Saturday, May 02, 2009

The Reason

I've been on a sort of high all week, and I've barely slept. I find myself smiling for no reason at all. I still can't believe that in a few short months my husband will be home and we will be able to finally pick up where things left off two years ago. I had begun to lose hope in the last month or so. I reached a point of such desperation that I began telling everyone that I didn't think my husband would ever come home again. This approval came just when I needed it the most, and I'm so thankful for it.

Many people have asked me why my husband couldn't return to the U.S. or why was it taking so long. Others treated me as if I had done something wrong. I must have done something wrong if I, a U.S. citizen, couldn't get my spouse status in this country. Those words hurt the most because what people don't know is that I have been fighting for him for over six(6) years.

I cannot give you the entire history of what happened to him in Algeria, beginning in 1991, or what happened after he left in 1995. I can tell you that he entered the U.S. in 1999 with fraudulent documents in order to apply for political asylum. He applied for asylum within a number of months, was granted legal work authorization, and his case continued for 5 years.

We married in 2002 while his asylum was pending and I filed a petition for alien relative in February 2003. In June 2005 his asylum was denied and we appealed to the Bureau of Immigration Appeals. While that appeal was pending, our alien relative petition was approved 2.5 years after filing. Because of the type of visa he used to enter the country, he was not allowed to adjust status here to get his green card.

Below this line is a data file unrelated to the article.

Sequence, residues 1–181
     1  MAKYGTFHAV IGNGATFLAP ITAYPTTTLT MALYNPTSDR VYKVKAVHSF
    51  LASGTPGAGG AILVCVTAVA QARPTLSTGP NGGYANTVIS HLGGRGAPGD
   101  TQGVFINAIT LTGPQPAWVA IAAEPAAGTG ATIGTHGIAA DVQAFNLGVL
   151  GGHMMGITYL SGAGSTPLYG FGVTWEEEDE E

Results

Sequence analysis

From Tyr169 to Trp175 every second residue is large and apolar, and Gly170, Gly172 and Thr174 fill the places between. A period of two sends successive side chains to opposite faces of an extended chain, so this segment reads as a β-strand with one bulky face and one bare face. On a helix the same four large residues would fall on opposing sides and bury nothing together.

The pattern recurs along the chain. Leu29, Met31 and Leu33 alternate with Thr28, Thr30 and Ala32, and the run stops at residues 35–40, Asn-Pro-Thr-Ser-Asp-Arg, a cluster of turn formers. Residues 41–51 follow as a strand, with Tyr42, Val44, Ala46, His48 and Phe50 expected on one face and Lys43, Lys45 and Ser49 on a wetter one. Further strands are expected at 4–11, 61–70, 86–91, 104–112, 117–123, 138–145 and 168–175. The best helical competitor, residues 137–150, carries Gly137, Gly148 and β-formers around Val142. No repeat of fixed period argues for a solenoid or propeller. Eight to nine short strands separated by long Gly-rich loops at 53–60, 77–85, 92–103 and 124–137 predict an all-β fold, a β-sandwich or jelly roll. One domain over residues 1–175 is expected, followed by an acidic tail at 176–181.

In late 2005 his appeal was denied, and we prepared for filing with the 8th circuit federal court of appeals. We went on with our lives. My husband continuted working legally and I graduated from college. I began working and three months later, while our 8th circuit appeal was pending, we received a notice to appear at the local immigration office. I'd written about this experience before so I will not go into details here, but that day my husband was taken into custody of immigration officials. He spent 106 days in a county jail before ultimately being sent back to Algeria.

This is where things really become complicated. Upon his departure from the U.S., he received a lifetime inadmissibility for his fraudulent entry. Had his asylum been approved, this would have been forgiven. It's a common form of entry for those who fear for their lives because they have no other way. This meant that he was banned from the U.S. for life.